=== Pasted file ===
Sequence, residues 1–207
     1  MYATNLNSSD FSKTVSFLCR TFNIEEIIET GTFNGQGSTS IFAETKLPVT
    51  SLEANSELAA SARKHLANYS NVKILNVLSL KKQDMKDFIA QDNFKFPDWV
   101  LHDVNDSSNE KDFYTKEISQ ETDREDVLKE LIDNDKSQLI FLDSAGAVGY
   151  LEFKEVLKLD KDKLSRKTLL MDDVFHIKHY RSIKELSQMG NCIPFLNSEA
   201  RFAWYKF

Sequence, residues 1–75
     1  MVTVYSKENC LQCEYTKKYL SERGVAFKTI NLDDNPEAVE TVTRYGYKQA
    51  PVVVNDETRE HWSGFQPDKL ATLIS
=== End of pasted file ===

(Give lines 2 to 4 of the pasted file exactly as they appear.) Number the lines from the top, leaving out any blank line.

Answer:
     1  MYATNLNSSD FSKTVSFLCR TFNIEEIIET GTFNGQGSTS IFAETKLPVT
    51  SLEANSELAA SARKHLANYS NVKILNVLSL KKQDMKDFIA QDNFKFPDWV
   101  LHDVNDSSNE KDFYTKEISQ ETDREDVLKE LIDNDKSQLI FLDSAGAVGY